Trump’s victory in the presidential election is an earthquake for financial regulation, as for so many other sectors of US business, and threatens several key priorities for the industry. On the campaign trail, Trump attacked the treatment of carried-interest tax and proposed to eliminate the deductibility of corporate debt payments, two tax issues the industry has lobbied hard to protect.
But Trump’s win also opens the possibility of regulatory reform far friendlier to private equity than any considered possible with a Democrat in the White House. Industry trade groups and lobbyists think the Financial Choice Act, a bill passed two months ago by the House Financial Services Committee, will be the template for the coming reforms.
The bill is an ambitious rollback of the Dodd-Frank Wall Street Reform and Consumer Protection Act, and would repeal the requirement of private equity registration with the Securities and Exchange Commission.
This bill “is going to be the framework of what Republicans are going to do” on regulatory reform, said Brett Palmer, president of the Small Business Investor Alliance, a trade group of lower mid-market private equity firms.
The problem, however, is that the Financial Choice Act is a messy template for reform. It was cobbled together from a number of separate Dodd-Frank rollback bills, and would dramatically alter the oversight of the entire financial industry, including private equity, in ways that haven’t been fully digested.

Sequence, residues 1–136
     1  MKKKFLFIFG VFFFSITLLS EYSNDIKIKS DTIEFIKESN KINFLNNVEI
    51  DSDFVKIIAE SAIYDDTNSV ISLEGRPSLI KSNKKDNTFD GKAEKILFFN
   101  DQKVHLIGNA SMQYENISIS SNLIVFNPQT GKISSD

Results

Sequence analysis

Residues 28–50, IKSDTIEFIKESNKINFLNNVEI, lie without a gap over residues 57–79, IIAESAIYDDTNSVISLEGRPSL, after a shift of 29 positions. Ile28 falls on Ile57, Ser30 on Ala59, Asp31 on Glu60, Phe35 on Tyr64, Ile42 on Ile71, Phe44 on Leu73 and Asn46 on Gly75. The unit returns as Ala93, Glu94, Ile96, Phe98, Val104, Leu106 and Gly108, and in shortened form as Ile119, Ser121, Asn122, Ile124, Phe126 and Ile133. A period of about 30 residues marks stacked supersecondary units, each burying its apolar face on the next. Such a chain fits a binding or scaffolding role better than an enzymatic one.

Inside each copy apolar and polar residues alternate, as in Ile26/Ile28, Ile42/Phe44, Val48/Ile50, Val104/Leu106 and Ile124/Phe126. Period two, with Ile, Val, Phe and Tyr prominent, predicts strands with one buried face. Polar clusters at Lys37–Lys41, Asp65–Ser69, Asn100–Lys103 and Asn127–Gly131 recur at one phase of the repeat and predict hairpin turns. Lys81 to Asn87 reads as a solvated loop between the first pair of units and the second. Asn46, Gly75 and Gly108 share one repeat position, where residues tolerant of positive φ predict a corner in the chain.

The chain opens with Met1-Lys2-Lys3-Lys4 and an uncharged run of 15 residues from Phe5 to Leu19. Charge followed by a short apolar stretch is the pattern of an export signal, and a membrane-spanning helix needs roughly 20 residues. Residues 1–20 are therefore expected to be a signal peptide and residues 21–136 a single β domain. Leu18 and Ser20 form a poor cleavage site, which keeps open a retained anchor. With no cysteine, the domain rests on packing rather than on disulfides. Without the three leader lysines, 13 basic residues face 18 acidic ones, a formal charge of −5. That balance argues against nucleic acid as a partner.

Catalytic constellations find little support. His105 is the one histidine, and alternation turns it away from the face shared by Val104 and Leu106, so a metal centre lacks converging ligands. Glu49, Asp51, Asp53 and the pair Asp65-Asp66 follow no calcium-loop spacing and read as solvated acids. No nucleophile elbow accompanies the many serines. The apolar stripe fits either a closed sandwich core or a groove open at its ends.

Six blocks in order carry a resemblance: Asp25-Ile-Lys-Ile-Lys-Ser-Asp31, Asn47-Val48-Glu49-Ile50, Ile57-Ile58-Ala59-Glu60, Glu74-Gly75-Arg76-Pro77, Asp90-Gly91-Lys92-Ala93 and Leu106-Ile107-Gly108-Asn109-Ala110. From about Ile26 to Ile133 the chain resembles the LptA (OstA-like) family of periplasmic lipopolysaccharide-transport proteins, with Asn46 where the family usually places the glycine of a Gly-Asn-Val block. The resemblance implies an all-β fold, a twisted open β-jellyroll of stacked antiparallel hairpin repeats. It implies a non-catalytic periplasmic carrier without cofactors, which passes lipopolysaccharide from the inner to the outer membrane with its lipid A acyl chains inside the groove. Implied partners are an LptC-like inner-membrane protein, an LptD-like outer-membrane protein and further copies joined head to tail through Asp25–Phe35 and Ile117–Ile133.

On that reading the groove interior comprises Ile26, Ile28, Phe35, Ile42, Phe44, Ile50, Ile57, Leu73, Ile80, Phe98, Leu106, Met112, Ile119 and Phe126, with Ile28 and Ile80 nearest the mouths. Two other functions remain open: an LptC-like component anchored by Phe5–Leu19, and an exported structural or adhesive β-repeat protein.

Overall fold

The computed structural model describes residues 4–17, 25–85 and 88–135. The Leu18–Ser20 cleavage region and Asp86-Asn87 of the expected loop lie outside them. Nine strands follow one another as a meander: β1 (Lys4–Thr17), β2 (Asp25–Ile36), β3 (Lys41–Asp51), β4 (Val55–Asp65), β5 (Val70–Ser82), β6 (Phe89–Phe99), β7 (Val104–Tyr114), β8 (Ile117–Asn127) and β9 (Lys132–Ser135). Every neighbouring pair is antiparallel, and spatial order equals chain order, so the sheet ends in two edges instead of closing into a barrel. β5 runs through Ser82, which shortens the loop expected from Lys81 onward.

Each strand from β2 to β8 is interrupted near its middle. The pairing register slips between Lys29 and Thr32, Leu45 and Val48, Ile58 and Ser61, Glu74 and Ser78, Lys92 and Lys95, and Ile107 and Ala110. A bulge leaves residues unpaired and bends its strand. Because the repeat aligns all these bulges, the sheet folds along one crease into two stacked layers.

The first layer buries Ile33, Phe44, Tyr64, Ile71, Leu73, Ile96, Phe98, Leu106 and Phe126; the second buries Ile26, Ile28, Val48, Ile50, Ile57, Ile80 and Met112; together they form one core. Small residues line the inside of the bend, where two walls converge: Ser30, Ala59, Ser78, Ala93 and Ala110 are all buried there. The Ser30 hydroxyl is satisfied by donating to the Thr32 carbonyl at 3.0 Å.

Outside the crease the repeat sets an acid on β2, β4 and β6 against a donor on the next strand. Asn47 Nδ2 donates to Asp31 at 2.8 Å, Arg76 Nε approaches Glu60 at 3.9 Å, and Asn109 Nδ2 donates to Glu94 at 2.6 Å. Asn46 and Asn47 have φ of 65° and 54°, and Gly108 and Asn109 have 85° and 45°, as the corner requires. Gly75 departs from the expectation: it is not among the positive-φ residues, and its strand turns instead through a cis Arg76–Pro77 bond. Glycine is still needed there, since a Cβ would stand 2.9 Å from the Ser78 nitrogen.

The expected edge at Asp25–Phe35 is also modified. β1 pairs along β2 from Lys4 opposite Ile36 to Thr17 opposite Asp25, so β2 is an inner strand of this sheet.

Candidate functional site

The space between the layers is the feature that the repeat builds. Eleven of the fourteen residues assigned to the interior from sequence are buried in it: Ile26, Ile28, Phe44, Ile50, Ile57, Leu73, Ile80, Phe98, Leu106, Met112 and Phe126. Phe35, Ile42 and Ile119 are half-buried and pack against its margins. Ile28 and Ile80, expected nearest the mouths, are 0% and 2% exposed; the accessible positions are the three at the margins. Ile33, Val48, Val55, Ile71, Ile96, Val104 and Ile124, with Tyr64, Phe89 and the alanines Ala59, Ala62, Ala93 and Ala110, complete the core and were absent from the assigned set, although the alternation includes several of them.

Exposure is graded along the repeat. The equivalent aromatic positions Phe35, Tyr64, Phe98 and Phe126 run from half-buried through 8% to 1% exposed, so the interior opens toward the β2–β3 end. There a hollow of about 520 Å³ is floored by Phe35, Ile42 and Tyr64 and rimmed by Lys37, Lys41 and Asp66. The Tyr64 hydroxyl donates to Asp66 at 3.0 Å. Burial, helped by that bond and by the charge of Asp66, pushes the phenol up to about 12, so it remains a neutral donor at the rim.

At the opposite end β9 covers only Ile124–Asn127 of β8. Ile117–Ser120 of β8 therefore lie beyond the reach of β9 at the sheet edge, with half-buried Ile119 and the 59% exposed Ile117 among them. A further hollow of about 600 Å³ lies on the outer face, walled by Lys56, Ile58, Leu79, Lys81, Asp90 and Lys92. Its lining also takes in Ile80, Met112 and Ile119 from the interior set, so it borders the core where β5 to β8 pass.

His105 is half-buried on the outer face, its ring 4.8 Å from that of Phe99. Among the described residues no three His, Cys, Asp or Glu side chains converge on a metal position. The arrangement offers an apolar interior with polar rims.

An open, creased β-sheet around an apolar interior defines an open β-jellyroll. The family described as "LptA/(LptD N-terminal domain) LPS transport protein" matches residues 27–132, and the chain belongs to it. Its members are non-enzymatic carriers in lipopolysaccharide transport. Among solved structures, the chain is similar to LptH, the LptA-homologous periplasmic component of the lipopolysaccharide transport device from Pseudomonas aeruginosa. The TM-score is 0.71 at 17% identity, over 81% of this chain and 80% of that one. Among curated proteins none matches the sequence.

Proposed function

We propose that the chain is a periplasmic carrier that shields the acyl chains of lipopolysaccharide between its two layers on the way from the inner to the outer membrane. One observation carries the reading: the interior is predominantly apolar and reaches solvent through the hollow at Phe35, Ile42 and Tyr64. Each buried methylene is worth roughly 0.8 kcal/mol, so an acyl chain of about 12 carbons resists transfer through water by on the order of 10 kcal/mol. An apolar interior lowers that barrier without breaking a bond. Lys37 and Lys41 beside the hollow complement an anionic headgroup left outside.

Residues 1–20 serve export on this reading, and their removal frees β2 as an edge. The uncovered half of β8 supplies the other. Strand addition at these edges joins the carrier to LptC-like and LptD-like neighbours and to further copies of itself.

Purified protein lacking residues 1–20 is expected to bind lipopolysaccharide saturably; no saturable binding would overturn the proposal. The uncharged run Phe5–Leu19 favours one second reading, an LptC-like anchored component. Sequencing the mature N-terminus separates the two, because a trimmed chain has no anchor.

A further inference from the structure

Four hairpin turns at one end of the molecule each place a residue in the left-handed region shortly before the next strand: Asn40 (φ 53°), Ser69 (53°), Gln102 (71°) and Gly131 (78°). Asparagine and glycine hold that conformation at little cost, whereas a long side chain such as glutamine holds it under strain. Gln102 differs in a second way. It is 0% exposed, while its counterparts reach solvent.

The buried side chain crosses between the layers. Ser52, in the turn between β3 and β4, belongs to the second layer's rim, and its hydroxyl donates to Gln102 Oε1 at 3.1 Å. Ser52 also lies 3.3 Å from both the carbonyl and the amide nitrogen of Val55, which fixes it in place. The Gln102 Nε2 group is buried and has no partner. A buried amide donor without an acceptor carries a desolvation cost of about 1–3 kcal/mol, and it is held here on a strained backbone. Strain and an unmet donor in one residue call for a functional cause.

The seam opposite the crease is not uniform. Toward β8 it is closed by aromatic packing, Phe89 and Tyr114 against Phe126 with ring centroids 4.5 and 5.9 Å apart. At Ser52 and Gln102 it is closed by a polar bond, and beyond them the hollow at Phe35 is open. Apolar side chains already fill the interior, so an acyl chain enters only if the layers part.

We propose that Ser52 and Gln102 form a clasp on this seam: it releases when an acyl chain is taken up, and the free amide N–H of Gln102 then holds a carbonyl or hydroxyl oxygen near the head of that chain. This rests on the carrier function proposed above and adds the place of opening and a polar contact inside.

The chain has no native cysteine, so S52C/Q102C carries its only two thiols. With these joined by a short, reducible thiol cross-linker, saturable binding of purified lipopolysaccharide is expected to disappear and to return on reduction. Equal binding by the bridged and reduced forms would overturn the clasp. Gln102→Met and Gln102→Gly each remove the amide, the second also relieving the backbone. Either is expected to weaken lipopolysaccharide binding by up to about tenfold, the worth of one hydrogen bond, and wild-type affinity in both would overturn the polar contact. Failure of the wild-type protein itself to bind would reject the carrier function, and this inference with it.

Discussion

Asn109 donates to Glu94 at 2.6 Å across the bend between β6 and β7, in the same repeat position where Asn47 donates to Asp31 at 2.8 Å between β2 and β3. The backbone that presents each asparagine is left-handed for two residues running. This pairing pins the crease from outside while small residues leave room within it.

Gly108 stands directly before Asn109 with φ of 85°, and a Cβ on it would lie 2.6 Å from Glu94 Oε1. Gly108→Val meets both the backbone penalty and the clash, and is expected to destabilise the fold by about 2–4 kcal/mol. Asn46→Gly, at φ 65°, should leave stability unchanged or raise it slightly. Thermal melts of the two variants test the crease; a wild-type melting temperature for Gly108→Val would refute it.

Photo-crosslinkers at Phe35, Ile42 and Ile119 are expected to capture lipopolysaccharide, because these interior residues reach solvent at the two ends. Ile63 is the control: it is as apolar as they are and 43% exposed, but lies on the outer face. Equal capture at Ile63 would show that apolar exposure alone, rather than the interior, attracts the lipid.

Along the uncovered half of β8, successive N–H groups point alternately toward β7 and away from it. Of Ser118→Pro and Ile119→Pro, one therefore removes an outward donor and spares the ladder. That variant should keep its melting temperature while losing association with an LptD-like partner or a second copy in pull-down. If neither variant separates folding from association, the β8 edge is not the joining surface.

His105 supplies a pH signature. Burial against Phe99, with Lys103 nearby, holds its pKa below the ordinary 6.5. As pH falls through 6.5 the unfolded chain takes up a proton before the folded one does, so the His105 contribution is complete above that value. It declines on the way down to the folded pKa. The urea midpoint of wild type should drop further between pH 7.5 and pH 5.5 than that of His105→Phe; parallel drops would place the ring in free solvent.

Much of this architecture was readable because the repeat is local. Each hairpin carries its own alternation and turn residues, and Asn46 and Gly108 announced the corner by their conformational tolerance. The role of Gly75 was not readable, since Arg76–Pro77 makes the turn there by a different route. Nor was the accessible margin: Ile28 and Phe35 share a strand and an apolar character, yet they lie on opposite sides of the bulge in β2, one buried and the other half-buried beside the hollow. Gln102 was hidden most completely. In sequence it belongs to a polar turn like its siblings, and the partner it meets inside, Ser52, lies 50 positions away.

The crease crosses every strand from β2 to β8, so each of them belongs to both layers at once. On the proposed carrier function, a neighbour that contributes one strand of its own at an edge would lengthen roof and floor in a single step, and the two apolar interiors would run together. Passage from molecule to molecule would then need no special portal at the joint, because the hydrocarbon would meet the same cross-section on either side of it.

Several lobbyists for the financial industry and consumer groups said before the election that they hadn’t bothered to study the bill closely because it had so little chance of even making it to a vote in the House of Representatives, much less into law. The 512-page bill – whose summary alone clocks in at 126 pages – proposed so many changes that experts have trouble keeping track.
One lobbyist for the financial industry, speaking before the election, called it a statement bill from House Republicans and not a serious legislative possibility. But this unlikely bill now is the starting point for talks on regulatory reform.
“You are going to hear a lot more about the Financial Choice Act,” said Gary LaBranche, president of the Association for Corporate Growth, which represents mid-market private equity firms, on a post-election webcast with its members. The House is likely to vote on the bill, but its path through the Senate is murky, and it may be split into several separate bills, ACG said.
Whether the SEC registration rule survives this negotiation process is anybody’s guess. But even the possibility of repeal is more than private equity could have expected a week ago. Palmer of SBIA said while it is possible the rule will be deleted in full, he hopes more for tweaks, such as potentially loosening the requirements for smaller firms and scaling up the regulatory burden for bigger ones.
The American Investment Council, the largest industry lobby group, has set its sights elsewhere, said James Maloney, vice president of public affairs.
It plans to focus on preserving the current treatment of carried interest, ensuring that private equity firms aren’t required to register as broker dealers and pushing forward the Investment Advisers Modernization Act, a bill passed by the House in September that would much more modestly amend the registration requirement. The AIC expects “tailored modifications” to the regulatory regime, but it is too early to tell what form they may take, said Maloney.
Palmer said he was leery of any reforms that would “blind” limited partners or be seen as industry overreach, and that could include a repeal of firms’ requirement to register with the SEC.
Any reform “has got to pass a simple, obvious test to the man on the street: ‘Does this make sense?’” he said. “There could be a repeal, but much more likely is that they need to rationalise the rule.”
Write to Chris Cumming at email@example.com